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How to Handle Unwanted Wedding Opinions

Congratulations, you’re engaged!  It’s time for champagne, Pinterest parties, and… a whole lot of unsolicited opinions.  If the onslaught of wedding advice is driving you crazy, you’re not alone.  These six tips will help you determine whose opinions matter, handle the ones that don’t, and stay sane during your wedding planning adventure.

{Featured Image Photo Courtesy of Kaitie Bryant Photography}

  1. If they’re paying, their opinion matters.

It was so simple back in the day when the Mother of the Bride selected bridesmaids dresses and flowers in shades of peach, the Father of the Bride wrote the checks, and the Bride and Groom smiled whether they liked it or not.  But, the simple days are over and Brides are determined to personalize their weddings and tell their own love story rather than settle for a cookie cutter celebration (hooray for that!)

With most wedding budgets having multiple contributors (usually including some combination of the Bride and Groom and one or both sets of parents), determining who has final say in wedding planning decisions has become more complicated.

Parents who are contributing to the wedding costs are likely going to have plenty of opinions, and you should listen to them.  Listening to their input doesn’t mean you’ll include everything they suggest, but hear them out and make your best attempt at compromise unless you’re willing to fund the wedding solo and endure a family feud.

Your parents are probably going to share some opinions during the wedding planning journey that sound absolutely ludicrous to you.  The truth is, most families need a referee at some point during this process, and your wedding planner is the perfect person for the job!  I’m always happy to be the neutral third party and offer solutions for compromise that are etiquette appropriate and logistically reasonable.

2. If they’re not paying, but they raised you, their opinion matters on some things.

When you’re fed up with the flow of advice and input, it’s easy to go Bridezilla on a parent, whether their request is to attend the menu tasting or help select ceremony music.

But before you launch into the “it’s my wedding and I’m paying so I don’t want your opinions” rant, press pause and breathe for a minute.

A wedding is a celebration of your lifelong commitment to your groom, and in many cases it’s also a joining of two families.  If your parents or future in-laws make suggestions that work with your vision, including a few of them is a kind sentiment and starts your marriage off on a high note, regardless of who is footing the bill.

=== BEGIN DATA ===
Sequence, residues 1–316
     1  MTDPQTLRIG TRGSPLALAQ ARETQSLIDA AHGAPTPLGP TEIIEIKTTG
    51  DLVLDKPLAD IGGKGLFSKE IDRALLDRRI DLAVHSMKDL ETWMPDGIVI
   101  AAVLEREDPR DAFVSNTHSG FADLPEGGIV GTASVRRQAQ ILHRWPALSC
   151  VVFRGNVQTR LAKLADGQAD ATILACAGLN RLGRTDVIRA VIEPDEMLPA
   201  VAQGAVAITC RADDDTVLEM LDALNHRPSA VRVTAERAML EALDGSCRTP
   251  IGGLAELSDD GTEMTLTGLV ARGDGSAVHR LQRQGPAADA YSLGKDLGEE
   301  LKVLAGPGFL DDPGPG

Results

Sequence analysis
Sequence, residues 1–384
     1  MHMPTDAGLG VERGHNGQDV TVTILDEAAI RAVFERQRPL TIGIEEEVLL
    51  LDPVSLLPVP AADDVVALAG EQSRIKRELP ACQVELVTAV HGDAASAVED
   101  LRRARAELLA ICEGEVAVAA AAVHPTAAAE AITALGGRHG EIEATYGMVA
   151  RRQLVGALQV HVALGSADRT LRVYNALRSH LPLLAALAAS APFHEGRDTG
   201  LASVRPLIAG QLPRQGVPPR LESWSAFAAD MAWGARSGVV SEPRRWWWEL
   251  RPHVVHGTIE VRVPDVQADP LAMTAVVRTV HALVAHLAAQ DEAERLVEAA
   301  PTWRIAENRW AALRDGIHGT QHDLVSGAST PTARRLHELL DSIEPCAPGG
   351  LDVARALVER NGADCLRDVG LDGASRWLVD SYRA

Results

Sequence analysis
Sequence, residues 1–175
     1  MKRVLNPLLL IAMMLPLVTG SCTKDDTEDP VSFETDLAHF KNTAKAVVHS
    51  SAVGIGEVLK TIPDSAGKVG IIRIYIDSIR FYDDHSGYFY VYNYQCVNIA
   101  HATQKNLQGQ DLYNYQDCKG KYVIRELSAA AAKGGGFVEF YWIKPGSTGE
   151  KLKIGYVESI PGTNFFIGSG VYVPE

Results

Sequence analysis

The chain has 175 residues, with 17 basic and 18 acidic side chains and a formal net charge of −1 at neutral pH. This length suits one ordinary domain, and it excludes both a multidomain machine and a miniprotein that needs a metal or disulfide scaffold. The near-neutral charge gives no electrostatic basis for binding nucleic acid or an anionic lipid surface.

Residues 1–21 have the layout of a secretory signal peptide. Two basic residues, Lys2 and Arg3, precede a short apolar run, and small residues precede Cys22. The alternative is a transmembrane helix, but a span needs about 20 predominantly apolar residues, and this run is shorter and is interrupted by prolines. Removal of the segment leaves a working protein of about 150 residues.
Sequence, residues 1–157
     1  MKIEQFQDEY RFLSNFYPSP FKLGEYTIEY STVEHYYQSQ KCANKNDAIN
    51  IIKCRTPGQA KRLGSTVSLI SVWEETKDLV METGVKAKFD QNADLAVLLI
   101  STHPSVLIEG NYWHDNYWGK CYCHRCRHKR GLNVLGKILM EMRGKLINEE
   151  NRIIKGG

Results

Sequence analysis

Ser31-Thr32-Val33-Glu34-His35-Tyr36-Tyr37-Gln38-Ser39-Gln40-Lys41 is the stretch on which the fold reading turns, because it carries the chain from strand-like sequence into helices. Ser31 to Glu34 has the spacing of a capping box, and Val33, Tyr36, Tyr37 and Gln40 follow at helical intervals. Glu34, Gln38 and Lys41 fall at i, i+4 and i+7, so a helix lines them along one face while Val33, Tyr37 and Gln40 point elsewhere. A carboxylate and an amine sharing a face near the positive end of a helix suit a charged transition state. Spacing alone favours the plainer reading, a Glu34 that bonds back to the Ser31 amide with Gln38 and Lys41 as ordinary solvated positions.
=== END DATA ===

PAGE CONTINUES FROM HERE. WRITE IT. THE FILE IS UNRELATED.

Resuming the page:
If a parent is becoming overbearing, set boundaries fast.  Clearly and gently point out where you do want their input, and where you don’t.  A simple “I’d love your help choosing between these three potential invitations, but we’re settled on the menu and flower choices”, will do.

3. Your married friends aren’t the authority on all things wedding. 

Your gal pals can be guilty of overwhelming you with opinions on the “right” and “wrong” way to do wedding planning.  From insisting that save the dates are a waste of money to persuading you that you should choose a garden wedding over a church wedding, it’s possible for them to lead you astray with all the best intentions.

The truth is, every Bride is different and every wedding is different.  You love your friend, but you may not have loved her wedding.  Even if you enjoyed her romantic candlelit garden ceremony, you may be more of the modern art gallery type of Bride, and that’s okay!

Your girls want to help, so prevent advice overload by asking them for specific information.  “I loved the string quartet you used and your caterer was awesome; would you mind sharing their contact info?” gets you the info you need without inviting a wedding planning manifesto.  But, feel free to say “we’re taking a break from wedding planning this week” when they’re driving you crazy with more opinions than you can handle.

4. When it comes to sharing your wedding details, sometimes less is more. 

Whether you like it or not, sharing the details of of your wedding as you decide them invites opinions and feedback from your listening audience. Before announcing to your friends or family that you’ve decided on an outdoor ceremony or a sushi station, know that you may hear some objections along with some approval.  If a negative response is going to bother you, keep the details to yourself and have a private high five with your fiancé about the decision you just checked off your to-do list.

5. If an opinion doesn’t matter, spend the minimum amount of time with it.  

You know what’s great about opinions that don’t matter to you? You really don’t have to do anything about them.  You’re a Bride, not a trial lawyer, so you aren’t obligated to disprove advice that feels wrong to you.  If people you know are spouting off opinions that don’t fall into the “opinions that matter” categories, just let them offer their advice and make a silent choice not to follow it.  No explanation necessary.

6. The best advice you receive is going to come from professionals. 

The advice that helps the most is going to come from your wedding planner and your professional vendor team.  They’re experts in their field; that’s why you’re paying them!  So, lean on them for advice and opinions and call them when you feel stuck. Remember, they can also help you separate the wedding myths you may be hearing from the real must-haves for a memorable and stress free day.

Have more questions about how to handle wedding planning opinions, or want to ask a question to be answered in a future blog post? I would love to hear from you! You can contact me through our website, and check out EEP Events on instagram, Facebook and Twitter.

Until next time, happy planning!

Leah Signature

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